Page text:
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The world is full of people, currently something like seven billion of them. A few of them live in your street, work with you or share your leisure time. They are all potential portraiture subjects. Every individual is different - unique in appearance, personality and circumstances. The challenge is to capture that individuality - but how does one get started?

There are a number of basic approaches, each implying a different degree of involvement. Some photographers do candid work, using a telephoto lens, where no contact is necessary. Little planning is required but the lack of communication shows in the images. Braver souls go in closer, get involved and use standard or wide-angle lenses. Success here is much more dependent upon interpersonal skills. Photographing people is not just about placing someone in front of your lens - far from it. It is about relating to people and communicating effectively. On too many occasions photographers ask what camera, lens and settings should be used for a particular image with never a mention of how the subject was found or approached.

Story TellerIf the direct co-operation of subjects in required, more planning and preparation is needed. It may be necessary to find suitable people who are willing to make themselves available at a particular time and location. Start by seeking help from family and friends. It is easier and safer to approach those you know. However the net will inevitably be cast wider as confidence grows and the enthusiasm of this inner circle wanes.

Where and how you search for new subjects will be dependent upon the type of photography you have in mind. Make sure this is clear in your own mind before you begin. Then try placing an advertisement in a shop window, newspaper or magazine. Also make your interest known at local photographic clubs, college art departments, dance or drama groups and other similar organizations. People who have been trained to perform often make interesting subjects.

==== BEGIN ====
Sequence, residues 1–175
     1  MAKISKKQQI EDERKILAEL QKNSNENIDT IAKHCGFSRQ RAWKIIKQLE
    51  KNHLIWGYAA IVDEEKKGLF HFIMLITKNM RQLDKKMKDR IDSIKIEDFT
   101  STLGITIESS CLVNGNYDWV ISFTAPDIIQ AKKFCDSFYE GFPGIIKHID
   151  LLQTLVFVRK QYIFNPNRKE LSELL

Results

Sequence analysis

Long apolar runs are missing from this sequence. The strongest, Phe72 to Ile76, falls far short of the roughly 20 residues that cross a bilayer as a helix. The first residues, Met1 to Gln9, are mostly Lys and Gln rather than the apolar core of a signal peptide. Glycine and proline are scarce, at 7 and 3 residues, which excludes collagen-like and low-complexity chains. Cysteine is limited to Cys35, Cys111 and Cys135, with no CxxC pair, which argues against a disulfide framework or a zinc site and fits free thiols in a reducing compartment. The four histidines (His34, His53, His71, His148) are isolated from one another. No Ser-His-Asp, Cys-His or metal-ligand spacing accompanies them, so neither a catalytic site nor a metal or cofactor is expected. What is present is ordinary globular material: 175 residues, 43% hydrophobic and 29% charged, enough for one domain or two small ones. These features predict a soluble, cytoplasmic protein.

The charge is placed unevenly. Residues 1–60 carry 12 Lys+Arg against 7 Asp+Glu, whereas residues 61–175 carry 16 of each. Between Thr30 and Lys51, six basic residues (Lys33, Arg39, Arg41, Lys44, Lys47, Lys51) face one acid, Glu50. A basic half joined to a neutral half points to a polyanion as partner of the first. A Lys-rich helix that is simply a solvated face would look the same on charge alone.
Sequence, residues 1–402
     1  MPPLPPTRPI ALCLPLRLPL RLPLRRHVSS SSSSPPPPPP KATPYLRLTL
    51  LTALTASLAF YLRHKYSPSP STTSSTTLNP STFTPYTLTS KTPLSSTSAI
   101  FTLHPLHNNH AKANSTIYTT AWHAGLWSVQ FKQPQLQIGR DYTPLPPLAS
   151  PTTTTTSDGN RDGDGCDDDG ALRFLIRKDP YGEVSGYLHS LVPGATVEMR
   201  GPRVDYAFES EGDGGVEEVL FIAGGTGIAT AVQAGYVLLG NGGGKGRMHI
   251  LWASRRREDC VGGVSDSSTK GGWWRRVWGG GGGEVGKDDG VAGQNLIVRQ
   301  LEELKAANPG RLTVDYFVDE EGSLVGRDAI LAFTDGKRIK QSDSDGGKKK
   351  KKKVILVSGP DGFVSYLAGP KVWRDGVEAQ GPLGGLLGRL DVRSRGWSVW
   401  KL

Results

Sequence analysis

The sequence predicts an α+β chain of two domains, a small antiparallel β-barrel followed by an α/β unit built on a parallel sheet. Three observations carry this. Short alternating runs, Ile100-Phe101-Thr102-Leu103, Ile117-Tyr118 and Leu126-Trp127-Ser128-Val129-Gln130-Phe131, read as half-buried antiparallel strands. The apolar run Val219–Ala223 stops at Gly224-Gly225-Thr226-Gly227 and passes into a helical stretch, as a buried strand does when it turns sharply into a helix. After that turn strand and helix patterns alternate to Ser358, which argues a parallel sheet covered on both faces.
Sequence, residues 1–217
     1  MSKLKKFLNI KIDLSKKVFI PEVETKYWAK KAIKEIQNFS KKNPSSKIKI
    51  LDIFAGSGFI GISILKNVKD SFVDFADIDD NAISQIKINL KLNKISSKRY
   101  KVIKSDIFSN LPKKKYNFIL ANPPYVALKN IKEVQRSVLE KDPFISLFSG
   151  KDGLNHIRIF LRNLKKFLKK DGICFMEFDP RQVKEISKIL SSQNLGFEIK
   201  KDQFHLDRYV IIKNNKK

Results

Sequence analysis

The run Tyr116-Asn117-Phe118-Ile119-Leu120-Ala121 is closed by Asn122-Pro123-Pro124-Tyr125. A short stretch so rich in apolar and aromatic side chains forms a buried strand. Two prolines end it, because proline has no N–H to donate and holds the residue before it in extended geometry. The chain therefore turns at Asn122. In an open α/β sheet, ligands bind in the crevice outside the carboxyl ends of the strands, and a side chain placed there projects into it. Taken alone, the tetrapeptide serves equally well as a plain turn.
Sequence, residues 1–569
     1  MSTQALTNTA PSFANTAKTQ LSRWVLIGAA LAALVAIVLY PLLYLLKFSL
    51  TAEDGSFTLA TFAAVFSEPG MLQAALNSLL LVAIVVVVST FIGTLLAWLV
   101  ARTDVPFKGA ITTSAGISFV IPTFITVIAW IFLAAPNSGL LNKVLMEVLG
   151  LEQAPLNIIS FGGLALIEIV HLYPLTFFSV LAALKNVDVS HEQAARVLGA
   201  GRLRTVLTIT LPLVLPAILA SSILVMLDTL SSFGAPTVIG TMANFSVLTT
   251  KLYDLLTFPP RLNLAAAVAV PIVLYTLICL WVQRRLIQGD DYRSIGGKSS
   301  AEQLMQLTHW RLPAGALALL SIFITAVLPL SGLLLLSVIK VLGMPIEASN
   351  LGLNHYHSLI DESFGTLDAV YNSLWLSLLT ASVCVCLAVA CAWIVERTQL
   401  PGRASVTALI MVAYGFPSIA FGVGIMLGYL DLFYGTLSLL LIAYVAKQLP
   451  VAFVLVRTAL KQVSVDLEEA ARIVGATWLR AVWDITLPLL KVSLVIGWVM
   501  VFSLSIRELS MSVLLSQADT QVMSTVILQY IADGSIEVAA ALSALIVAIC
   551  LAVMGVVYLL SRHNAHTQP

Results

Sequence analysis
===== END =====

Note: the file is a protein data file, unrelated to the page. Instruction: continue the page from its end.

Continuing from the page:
Another approach is to print cards giving your name and contact information. These can be distributed locally and even handed to strangers in the street. Explain that you are a photographer working on a particular project, and that you are looking for models or subjects. Don't expect an immediate answer, and don't ask a second time - just leave your card and move on before embarrassment sets in. If those you meet want to make contact they will do so.

People are often flattered by your interest in them, but make sure they understand your real motives. A hidden agenda always leads to problems. If you are planning to photograph children, arrange for a parent to be present. If you like the local fishmonger's face, because it is friendly and deeply wrinkled, then explain this to him. He knows anyway, so it will not come as a surprise. And if your interest in him is based upon making money, declare it. He is after all profiting by selling fish to your family. If you want to photograph a girl in a bikini because you think she has a beautiful face and a perfect figure, then be honest about it. If you intend sending the images to a magazine, explain this to her and ask her to sign a model release form. If she is under 18 seek the permission of a parent or guardian. It's not fair to do otherwise.

It is also helpful to assemble a credible portfolio - good prints of your best ten or fifteen images. This is a convenient way to demonstrate genuine interest and show prospective subjects what type of work you have in mind. The discussion can then move on to consideration of what the subject or model would like in return - perhaps cash or prints. Above all, don't get involved unless you can explain your motives. Openness will be rewarded with trust, and trust is the basis upon which good images of people are built.


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